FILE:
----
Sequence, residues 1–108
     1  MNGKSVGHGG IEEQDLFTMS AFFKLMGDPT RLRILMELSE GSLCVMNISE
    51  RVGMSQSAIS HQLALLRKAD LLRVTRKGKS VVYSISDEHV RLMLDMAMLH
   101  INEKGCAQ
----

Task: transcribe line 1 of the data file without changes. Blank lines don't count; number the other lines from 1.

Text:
Sequence, residues 1–108